Hillers stereoscopic photo Elkskin Tepee, Utah
In his 1885 annual report, Agent Elisha M. Davis stated his observation of differences between the Uintah and White River bands of Utes. The two bands had shared the Uintah Reservation in Utah since 1882. Davis began his assignment about the time the White River Utes were relocated from Colorado. By the time of this report he had known both groups for three years.
The Uintahs branched off from the great Ute nation and settled by themselves in this valley many years ago. The Uintahs are an agricultural people, depending very little upon the chase [hunting]. The habits and customs of the Uintah Indians are more nearly like those of the tribes north of them. The language of the Uintahs is, I apprehend, the pure Ute language, it having undergone little or no change since they settled here.
The White Rivers have never taken kindly to agriculture. The chief cause of the Meeker massacre was because Mr. Meeker tried to compel them to work. They have never been contented to settle down in one place. Their habits are more like their southern neighbors. Their language is different in many respects from that of the Uintahs, it [the White River language] being strongly tinctured with Spanish.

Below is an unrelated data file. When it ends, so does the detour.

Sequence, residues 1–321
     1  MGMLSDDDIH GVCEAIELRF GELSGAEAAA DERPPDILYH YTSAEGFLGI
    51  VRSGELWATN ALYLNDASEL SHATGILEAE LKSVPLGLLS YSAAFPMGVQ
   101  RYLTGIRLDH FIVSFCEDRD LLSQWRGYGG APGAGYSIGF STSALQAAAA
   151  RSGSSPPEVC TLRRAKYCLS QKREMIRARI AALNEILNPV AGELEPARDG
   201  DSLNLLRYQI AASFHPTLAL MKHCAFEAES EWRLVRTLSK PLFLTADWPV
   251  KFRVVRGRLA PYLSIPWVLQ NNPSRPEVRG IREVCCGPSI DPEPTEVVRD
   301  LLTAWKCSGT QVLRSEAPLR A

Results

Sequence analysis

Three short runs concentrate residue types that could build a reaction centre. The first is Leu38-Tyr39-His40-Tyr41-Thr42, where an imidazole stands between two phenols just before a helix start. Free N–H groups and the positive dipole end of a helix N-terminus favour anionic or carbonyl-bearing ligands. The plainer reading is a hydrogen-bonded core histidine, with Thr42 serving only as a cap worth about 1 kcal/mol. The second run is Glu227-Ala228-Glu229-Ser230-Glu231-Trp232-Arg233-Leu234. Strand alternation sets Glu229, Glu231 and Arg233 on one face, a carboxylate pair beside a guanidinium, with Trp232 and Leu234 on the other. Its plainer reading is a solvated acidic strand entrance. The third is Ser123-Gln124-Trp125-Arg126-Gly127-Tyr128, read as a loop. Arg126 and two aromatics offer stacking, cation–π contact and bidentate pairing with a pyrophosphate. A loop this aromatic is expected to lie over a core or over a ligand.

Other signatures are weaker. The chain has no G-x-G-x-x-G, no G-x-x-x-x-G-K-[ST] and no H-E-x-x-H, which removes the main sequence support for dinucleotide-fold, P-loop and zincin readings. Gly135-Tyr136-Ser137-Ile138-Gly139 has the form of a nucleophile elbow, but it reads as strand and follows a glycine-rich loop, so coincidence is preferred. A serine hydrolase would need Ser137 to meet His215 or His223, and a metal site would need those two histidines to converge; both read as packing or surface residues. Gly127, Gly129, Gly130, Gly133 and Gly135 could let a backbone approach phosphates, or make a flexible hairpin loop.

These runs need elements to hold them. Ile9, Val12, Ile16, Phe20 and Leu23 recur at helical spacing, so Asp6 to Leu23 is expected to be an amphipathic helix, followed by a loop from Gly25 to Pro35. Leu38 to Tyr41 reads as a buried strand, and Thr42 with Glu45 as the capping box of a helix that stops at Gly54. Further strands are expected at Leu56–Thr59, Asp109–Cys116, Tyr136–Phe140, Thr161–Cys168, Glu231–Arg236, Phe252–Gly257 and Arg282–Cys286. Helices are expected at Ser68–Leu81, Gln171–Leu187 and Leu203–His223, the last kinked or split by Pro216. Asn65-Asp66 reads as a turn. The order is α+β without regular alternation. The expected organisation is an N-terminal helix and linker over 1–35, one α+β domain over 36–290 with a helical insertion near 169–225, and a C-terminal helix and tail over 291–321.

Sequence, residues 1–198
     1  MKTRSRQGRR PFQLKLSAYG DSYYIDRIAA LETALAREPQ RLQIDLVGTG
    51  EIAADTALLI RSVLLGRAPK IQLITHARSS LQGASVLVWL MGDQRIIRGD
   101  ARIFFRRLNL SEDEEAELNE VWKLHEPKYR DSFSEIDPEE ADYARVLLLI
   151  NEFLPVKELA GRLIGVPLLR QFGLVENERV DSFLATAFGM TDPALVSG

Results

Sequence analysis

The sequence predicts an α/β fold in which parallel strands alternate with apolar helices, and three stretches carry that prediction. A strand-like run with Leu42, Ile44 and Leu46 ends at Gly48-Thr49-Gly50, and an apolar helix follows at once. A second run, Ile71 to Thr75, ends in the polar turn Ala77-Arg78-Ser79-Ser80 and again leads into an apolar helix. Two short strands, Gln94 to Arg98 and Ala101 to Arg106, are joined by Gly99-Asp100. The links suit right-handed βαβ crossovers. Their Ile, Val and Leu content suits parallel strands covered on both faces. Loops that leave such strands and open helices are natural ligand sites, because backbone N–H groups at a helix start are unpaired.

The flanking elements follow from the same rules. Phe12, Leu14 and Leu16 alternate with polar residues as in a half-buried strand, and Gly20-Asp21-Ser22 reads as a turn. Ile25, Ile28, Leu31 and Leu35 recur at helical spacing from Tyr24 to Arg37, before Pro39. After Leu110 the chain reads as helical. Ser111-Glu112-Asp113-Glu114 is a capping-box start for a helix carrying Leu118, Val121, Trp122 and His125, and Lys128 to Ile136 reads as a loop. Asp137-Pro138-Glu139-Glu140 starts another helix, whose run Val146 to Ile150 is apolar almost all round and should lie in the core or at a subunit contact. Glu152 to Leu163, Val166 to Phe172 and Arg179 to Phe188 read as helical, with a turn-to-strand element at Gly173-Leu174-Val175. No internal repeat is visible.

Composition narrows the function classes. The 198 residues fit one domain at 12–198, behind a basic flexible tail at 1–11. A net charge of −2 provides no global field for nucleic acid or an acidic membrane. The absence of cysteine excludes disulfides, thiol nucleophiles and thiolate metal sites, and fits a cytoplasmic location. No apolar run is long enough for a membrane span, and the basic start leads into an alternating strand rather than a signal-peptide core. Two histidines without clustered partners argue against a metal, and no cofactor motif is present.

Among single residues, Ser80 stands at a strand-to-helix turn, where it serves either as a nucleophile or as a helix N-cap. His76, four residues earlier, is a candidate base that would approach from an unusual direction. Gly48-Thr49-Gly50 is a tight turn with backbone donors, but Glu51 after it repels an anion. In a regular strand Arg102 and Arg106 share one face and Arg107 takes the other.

Agent Davis held the U.S. Government responsible for some of the conflicts between the Uintah and White River Utes. Being forced to share their reservation land with the White Rivers was difficult enough for the Uintahs.
To widen the breach, between them, the Uintah were compelled to stand peacefully by and see the White River Utes, whose hands were reeking with the blood of Agent Meeker, his family and his employees, receive a large cash annuity, when they were brought here in 1882, and they [the Uintahs] receive nothing…and then a large herd of beef cattle belonging to the White River Utes was brought here at the same time, which was issued to them in abundance, while the Uintahs received little or none.
The Uintah Utes were included as part of the “Confederated Band of Utes” who shared an annual cash annuity of $50,000 for giving up reservation land. When divided among roughly 3,300 eligible Utes, each person’s share was about $15 per year. However, “pensions” to families of the Meeker victims, totaling about $3,000 per year, were paid out of the White River share of the annuity. This reduced the share received by each White River Ute to $13 per year.
From “Reports of Agents in Utah,” Annual Report of the Commissioner of Indian Affairs 1885